Battle to Beat Malaria Poster

In all of medical science, there has been no longer, tougher battle than the fight against malaria. It’s one of the world’s deadliest diseases—more than 600,000 people die of malaria every year, the vast majority of them children. Malaria is not just a tropical disease. It has blighted human history across the United States, Europe, Africa, and Asia. The United States was only declared malaria-free in 1951, and eight U.S. presidents suffered from the disease, including George Washington. Recently, malaria has re-emerged in the United States, with a handful of locally acquired cases detected in Florida, Texas, and Maryland. But we’re now at an exciting turning point in the fight against the disease.

THE BATTLE TO BEAT MALARIA tells the inside story, filmed on four continents, of the effort to develop a “game-changing” new malaria vaccine, the culmination of a decade’s worth of scientific research. The film follows the team behind the successful Oxford/AstraZeneca COVID-19 vaccine as it trials R21/Matrix-M, a malaria vaccine that they hope will be the first candidate to meet the World Health Organization’s target of 75% efficacy. More than 140 previous candidates have failed; just one has been approved for use. But that vaccine—known as RTS,S—is expensive and currently has extremely limited supply.

As the R21 trial results come in from children around Africa, the Serum Institute of India, the world’s largest vaccine manufacturer, makes a high-risk decision to produce tens of millions of doses of the low-cost vaccine, even before the World Health Organization (WHO) approves it.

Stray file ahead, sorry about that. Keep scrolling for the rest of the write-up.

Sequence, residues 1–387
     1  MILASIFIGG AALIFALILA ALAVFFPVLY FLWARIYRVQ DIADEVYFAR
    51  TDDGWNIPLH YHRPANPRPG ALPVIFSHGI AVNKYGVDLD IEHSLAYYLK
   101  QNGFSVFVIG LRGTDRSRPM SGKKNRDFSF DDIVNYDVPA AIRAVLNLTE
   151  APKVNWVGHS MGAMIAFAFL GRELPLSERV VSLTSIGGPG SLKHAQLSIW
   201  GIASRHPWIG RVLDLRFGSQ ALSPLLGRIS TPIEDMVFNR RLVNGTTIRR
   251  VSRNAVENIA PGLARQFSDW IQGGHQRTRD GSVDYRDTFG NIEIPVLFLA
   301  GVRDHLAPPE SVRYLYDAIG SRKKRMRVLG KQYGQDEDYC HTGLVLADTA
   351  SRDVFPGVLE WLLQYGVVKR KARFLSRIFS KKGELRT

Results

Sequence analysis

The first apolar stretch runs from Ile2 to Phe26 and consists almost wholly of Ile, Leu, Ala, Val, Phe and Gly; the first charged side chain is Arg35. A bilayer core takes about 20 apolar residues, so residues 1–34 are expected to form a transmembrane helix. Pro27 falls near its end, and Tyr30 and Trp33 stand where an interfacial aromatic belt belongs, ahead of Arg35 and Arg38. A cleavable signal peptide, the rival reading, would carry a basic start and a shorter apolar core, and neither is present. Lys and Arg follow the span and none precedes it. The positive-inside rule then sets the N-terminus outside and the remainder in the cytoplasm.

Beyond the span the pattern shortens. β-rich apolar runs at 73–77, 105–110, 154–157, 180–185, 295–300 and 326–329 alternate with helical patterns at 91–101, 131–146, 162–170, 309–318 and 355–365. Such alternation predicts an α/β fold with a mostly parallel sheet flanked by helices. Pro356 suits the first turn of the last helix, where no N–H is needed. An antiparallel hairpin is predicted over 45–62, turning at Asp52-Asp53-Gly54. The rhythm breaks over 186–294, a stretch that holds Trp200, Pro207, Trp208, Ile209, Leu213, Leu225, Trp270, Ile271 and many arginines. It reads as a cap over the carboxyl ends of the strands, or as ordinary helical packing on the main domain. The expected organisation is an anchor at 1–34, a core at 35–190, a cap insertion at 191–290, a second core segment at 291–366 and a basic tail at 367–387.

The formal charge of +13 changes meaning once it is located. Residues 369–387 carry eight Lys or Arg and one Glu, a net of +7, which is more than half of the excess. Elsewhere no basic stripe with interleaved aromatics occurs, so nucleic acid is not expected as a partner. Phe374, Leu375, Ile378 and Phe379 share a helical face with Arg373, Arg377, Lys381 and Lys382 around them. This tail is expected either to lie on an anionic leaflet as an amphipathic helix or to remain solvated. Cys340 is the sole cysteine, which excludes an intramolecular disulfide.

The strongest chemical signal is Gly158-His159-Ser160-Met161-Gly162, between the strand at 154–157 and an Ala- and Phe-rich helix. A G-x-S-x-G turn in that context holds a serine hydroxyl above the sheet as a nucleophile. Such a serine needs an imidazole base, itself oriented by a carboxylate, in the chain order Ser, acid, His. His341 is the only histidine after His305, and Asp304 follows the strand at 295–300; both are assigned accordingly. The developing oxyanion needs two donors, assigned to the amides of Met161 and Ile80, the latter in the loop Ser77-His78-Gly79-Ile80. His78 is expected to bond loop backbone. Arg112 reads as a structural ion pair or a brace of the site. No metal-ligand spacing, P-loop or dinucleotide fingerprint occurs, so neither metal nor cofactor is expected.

To gain WHO approval, the research team must provide compelling data from Phase 3 trials in thousands of children and undergo a rigorous review process. Even if they succeed, international donors must still pony up enough funds to get shots in arms in time for the 2024 malaria season.

The film tells the dramatic inside story of this historic breakthrough, and offers a raw, intimate look at the scientists, medics, and trial participants battling this deadly disease.

Key contributors share the emotional highlights of their journey, including the University of Oxford’s Sir Adrian Hill, immunologist Katie Ewer, and clinical trials lead Dr. Mehreen Datoo; the principal investigator on the Tanzanian Phase 3 trial Dr. Ally Olotu; and the Serum Institute’s billionaire CEO and owner Adar Poonawalla and its chief scientist Dr. Umesh Shaligram. And Farhiya Salum, Zuhura Abasi, and Huba Mohamedi—three generations of a family involved in the Tanzanian Phase 3 trial—also bear witness to the impact of the disease on their community and the promise that the new vaccine holds.